The distribution of COVID-19 recovery funds

This story was updated at 4:20 p.m. on April 2

As the coronavirus outbreak continues to grip Houston, In the United States and much of the rest of the world, it is becoming increasingly clear that the efforts needed to slow the spread of the disease are hitting all of us, our moneymakers in the city of Bayou. (Cheap oil prices aren’t doing this energy capital of the world any favors, either.) Fortunately, there’s at least one piece of good news: Federal stimulus money should be on its way to Houstonians, with the 90% of other Americans who qualify, according to the Tax Policy Center – soon.

The US Senate unanimously passed a $2 trillion stimulus package on Wednesday, which the House of Representatives passed on Friday and is expected to land on President Trump’s desk to be signed into law soon. So what does this mean for you? Well, for starters, that means most Americans are about to get some sort of stimulus money. Most adults should receive about $1,200 plus an additional $500 for each child under 16 in a household.

The nice part about it? If you are someone who has filed your federal income taxes on the register, you won’t have to do anything but wait for your money, as the funds will be distributed using IRS records. . the IRS will work from 2019 repositories – or 2018 repositories if 2019 hasn’t been submitted – so if you haven’t taken the time to do so yet, you might want to get to it immediately, according to the site IRS website.

However, many high school and college students will not receive money at all. In a series of puzzling events, the IRS announcement On March 30, people who receive Social Security payments must file taxes in order to receive their $1,200 payment. However, after being pushed back, the Treasury Department announced on April 2 that people who receive Social Security will still receive their stimulus payments without having to file taxes, like everyone else and what was announced in first place.

US Treasury Secretary Steve Mnuchin said the money would be distributed in about three weeks or less, with the goal of starting direct deposits by April 17. W. Bush during the Great Recession of 2008 took weeks to months to come out), but money will come your way. How much? Well it depends. While $1,200 is the standard payment for a single adult earning $75,000 per year or less, couples earning $150,000 or less will receive a one-time payment of $2,400. If you go over those numbers, the payouts go down. Any single person earning $99,000 or more per year, or a couple earning $198,000 or more, will not receive any payout.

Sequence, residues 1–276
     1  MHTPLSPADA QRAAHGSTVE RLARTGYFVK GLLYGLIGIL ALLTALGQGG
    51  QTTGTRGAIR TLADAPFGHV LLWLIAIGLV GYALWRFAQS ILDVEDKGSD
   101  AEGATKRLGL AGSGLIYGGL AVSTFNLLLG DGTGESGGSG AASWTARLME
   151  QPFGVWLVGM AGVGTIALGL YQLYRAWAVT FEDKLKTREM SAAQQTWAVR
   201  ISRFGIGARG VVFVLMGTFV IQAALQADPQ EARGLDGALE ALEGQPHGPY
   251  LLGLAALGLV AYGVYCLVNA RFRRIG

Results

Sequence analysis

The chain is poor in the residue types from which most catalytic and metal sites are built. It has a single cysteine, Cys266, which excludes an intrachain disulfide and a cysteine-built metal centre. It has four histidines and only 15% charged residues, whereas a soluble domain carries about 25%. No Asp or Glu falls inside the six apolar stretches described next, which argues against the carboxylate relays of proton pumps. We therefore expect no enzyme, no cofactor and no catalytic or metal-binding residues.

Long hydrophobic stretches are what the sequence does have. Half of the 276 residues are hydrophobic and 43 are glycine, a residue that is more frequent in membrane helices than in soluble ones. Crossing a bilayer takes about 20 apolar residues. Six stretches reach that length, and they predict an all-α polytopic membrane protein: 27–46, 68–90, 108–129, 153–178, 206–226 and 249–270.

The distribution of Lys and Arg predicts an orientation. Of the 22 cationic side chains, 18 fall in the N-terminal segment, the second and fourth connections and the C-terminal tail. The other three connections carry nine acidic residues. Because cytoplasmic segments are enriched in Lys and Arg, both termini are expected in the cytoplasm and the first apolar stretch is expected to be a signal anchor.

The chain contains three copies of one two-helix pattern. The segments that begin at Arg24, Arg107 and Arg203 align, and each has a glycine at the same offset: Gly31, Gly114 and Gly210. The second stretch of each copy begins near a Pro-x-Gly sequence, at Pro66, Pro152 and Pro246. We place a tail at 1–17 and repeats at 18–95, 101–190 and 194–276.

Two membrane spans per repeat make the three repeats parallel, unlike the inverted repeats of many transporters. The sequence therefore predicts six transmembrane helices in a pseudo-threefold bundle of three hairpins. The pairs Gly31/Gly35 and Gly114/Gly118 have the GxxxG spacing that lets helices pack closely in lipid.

But on the plus side, if you have a social security number and have tracked your tax returns, you should be good. He won’t be here tomorrow, but the funds will eventually arrive.

Meanwhile, some local adjustments are underway to help ease the economic burden of the coronavirus pandemic, which has already caused 3.3. million people in the country to apply for unemployment:

Free tolls: The Harris County Commissioner’s Court voted to extend all tolls through April 29. The county also extended the disaster declaration until April 29.

Property tax delay: The Harris County Tax Office is offering a three-month extension to all 12-month overdue property tax payment plans as a result of the COVID-19 pandemic. “Due to the current health crisis in our region and the resulting economic uncertainties, property owners who currently benefit from 12-month property tax payment plans will not have to make payments for three months, according to a press release. .” Ann Harris Bennett, Harris County Tax Assessor-Collector and Registrar of Electors. “Unfortunately, state law requires that appropriate late fees still be assessed. However, I hope this extension will help ease the burden on homeowners during this critical time.

Owners with 12-month installment payment plans will not be required to make payments for March, April or May 2020. The next required payments would be due no later than June 30, 2020 and payable on a monthly basis from June until at the end of the deadline of the initial property tax payment agreement of the owner.

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